Sponsored By

UK-based developer-publisher Jagex (RuneScape) is zeroing in on the 'hard casual' gamer with FunOrb, a new portal of Java-based games, hoping to capitalize on emerging trends like a strong social focus and the free-to-play business model, and Gamas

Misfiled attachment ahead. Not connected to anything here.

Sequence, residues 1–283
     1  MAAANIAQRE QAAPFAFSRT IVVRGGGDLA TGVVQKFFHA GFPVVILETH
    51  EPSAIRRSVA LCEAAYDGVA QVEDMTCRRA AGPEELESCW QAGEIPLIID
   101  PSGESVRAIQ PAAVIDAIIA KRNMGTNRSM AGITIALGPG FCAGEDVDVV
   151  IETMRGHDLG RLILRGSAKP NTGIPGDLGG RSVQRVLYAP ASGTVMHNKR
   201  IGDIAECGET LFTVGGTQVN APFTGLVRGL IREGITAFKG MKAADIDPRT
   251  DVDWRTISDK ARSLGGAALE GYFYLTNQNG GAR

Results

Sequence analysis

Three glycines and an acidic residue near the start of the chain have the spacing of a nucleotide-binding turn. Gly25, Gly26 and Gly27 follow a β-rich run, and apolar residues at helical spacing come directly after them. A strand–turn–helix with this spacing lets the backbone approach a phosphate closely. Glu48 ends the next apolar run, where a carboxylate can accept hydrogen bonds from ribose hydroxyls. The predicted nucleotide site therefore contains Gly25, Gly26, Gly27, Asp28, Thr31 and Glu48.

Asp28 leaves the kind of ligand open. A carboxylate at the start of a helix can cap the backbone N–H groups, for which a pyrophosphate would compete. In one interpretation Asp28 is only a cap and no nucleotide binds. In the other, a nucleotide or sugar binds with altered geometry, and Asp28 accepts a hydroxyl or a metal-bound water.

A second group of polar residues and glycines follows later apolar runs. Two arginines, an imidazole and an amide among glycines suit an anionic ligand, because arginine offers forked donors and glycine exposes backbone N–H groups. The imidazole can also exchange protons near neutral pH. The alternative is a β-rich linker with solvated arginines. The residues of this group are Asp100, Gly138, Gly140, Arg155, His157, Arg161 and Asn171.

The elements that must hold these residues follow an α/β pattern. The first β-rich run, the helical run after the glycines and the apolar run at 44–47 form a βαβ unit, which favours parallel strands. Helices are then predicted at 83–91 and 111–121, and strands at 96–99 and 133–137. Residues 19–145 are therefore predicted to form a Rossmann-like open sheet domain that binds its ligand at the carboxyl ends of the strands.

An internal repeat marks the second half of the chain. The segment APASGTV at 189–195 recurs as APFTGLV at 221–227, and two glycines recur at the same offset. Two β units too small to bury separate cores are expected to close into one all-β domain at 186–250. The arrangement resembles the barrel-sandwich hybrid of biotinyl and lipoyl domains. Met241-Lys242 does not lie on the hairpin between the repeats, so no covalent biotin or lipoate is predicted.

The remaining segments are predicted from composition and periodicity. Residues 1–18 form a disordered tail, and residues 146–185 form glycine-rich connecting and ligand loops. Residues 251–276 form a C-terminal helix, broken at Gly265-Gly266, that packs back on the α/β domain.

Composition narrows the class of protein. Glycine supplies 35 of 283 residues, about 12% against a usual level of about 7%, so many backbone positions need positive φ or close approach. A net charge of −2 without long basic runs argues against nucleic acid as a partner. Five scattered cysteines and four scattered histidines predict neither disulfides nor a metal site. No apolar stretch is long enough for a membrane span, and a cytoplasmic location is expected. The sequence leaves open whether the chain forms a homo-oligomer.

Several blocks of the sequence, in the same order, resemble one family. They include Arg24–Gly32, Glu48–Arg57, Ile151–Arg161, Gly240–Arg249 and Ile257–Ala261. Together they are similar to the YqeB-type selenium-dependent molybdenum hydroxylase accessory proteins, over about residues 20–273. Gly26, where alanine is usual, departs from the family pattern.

Leigh Alexander, Contributor

January 28, 2008

5 Min Read